Indiana University researchers have created a powerful new molecule for the extraction of salt from liquid. The work has potential to help increase the amount of drinkable water on Earth.
Built using chemical bonds previously regarded as too weak, the new molecule is about ten billion times improved compared to a similar structure created over 10 years ago at IU. The molecules’ design was reported May 23 in the journal Science.
“If you were to place one-millionth of a gram of this molecule in a metric ton of water, 100 percent of them will still be able to capture a salt,” said Yun Liu, who led the study as a Ph.D. student in the lab of Amar Flood, the James F. Jackson Professor of Chemistry and Luther Dana Waterman Professor in the IU Bloomington College of Arts and Sciences’ Department of Chemistry.
The molecule is designed to capture chloride, which is formed when the element chlorine pairs with another element to gain an electron. The most familiar chloride salt is sodium chloride, or common table salt. Other chloride salts are potassium chloride, calcium chloride and ammonium chloride.
At the same time that the human population continues to grow, the seepage of salt into fresh water systems is reducing access to drinkable water across the globe. In the U.S. alone, the U.S. Geological Survey estimates 271 metric tons of dissolved solids, including salts, enter freshwater streams per year. Contributing factors include the chemical processes involved in oil extraction, the use of road salts and water softeners, and the natural weathering of rock. It only takes one teaspoon of salt to permanently pollute five gallons of water.
The new salt-extraction molecule created at IU is comprised of six triazole “motifs”—five-membered rings comprised of nitrogen, carbon and hydrogen—which together form a three-dimensional “cage” perfectly shaped to trap chloride. In 2008, Flood’s lab created a two-dimensional molecule, shaped like a flat donut, which used four triazoles. The two extra triazoles give the new molecule its three-dimensional shape, and ten billion-fold boost in efficacy.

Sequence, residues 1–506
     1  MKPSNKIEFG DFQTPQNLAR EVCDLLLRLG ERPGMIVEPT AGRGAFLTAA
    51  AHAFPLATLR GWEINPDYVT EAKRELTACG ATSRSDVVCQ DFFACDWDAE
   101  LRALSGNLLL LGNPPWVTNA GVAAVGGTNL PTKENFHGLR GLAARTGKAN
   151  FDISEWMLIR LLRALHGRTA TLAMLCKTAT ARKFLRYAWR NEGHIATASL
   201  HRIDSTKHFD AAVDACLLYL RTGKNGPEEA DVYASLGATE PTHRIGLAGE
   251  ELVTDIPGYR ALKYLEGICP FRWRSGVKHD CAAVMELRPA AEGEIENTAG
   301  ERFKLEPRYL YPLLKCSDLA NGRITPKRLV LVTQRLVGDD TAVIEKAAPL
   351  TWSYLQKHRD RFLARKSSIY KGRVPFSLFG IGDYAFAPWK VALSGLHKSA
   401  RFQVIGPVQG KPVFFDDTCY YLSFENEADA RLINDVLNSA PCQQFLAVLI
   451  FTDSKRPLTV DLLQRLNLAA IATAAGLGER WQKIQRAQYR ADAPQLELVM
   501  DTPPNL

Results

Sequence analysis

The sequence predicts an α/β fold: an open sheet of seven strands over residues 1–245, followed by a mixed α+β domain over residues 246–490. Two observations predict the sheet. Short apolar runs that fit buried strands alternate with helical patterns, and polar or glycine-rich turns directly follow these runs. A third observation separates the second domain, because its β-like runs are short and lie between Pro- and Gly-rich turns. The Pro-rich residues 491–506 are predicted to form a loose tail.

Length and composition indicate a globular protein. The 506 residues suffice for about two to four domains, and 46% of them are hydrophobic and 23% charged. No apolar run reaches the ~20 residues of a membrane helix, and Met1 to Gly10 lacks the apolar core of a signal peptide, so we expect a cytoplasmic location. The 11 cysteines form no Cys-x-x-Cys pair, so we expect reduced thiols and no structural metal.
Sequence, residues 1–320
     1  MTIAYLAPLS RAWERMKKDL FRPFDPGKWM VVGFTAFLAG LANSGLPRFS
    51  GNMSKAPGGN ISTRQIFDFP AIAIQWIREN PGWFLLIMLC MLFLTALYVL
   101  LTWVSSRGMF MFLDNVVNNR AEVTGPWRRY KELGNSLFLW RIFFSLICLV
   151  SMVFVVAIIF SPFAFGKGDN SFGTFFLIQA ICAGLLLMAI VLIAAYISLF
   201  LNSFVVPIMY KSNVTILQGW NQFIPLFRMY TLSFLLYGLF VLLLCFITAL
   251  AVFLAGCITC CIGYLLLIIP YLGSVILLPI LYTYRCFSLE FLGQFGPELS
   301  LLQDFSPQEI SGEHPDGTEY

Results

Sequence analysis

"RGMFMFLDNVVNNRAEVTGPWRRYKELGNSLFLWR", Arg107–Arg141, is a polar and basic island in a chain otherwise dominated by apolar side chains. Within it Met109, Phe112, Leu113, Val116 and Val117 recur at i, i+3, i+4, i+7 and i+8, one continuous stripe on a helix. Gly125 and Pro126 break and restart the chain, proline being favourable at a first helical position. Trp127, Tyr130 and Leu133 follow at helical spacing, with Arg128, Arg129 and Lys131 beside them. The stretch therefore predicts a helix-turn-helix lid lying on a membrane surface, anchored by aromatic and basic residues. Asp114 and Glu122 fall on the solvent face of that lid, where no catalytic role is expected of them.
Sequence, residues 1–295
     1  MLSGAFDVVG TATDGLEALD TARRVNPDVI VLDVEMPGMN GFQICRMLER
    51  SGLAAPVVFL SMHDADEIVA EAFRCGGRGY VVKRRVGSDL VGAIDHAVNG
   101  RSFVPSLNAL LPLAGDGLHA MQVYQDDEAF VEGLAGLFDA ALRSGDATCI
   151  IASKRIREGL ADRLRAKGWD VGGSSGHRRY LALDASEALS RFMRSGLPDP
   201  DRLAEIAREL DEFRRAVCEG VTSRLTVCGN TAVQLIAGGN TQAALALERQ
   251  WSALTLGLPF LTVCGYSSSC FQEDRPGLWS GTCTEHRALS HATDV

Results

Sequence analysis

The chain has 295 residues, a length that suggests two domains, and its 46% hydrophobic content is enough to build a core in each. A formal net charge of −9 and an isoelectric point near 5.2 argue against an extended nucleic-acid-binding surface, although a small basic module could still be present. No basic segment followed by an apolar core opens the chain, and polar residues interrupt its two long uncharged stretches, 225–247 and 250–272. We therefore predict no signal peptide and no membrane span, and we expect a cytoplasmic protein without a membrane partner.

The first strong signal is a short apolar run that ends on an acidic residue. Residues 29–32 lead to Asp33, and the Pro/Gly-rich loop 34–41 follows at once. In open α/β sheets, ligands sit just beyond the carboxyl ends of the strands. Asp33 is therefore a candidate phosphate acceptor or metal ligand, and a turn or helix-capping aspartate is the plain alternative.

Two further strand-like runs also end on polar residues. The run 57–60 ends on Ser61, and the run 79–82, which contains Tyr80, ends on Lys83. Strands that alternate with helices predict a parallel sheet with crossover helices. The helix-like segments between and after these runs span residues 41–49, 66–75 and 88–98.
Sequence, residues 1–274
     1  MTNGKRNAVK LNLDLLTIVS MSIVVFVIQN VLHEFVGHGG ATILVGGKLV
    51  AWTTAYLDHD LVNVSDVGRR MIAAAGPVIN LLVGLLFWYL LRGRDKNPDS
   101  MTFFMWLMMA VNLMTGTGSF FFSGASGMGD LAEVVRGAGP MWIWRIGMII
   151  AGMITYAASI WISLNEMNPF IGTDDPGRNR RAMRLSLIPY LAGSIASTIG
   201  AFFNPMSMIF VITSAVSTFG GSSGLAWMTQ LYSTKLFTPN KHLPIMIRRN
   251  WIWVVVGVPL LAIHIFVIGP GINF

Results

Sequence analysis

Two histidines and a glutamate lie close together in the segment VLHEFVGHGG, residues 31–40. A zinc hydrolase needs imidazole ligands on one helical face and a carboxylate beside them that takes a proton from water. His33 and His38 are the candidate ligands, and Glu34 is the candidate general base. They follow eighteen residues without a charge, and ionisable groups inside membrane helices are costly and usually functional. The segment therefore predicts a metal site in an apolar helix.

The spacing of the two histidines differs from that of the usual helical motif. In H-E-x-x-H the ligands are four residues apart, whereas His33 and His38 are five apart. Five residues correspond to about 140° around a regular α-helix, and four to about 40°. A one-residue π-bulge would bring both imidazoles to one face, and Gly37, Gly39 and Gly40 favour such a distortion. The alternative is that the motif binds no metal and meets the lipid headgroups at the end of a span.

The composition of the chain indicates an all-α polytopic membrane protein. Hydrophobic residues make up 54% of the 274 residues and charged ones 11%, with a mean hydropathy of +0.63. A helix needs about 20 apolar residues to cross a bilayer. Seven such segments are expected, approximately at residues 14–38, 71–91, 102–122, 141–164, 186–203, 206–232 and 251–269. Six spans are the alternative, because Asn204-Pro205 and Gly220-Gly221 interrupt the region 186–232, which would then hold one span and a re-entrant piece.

The molecule is also unique because it binds chloride using carbon-hydrogen bonds, previously regarded as too weak to create stable interactions with chloride compared to the traditional use of nitrogen-hydrogen bonds. Despite expectations, the researchers found the use of triazoles created a cage so rigid as to form a vacuum in the center, which draws in chloride ions.
By contrast, cages with nitrogen-hydrogen bonds are often more flexible—and the vacuum-like center needed for chloride capture requires energy input, lowering their efficiency compared to a triazole-based cage.
“If you were to take our molecule and stack it up against other cages that use [stronger] bonds, we’re talking many of orders of magnitude of performance increase,” said Flood. “This study really shows that rigidity is underappreciated in the design of molecular cages.”
The rigidity also enables the molecule to retain its shape after the central chloride has been lost, compared to other designs that collapse under the same circumstances due to their flexibility. This provides the molecule greater efficacy and versatility.
The work is also reproducible. The first molecule took nearly a year to synthesize, said Liu, who was shocked to discover the crystals required to confirm the molecule’s unique structure formed after the experiment was left alone in the lab for several months—a surprising occurrence since this process typically requires careful monitoring.
The formation of the crystal represented a “eureka” moment, proving the molecule’s unique design was actually viable. Later, Wei Zhao, a postdoctoral researcher in Flood’s lab, was able to re-create the molecule in several months.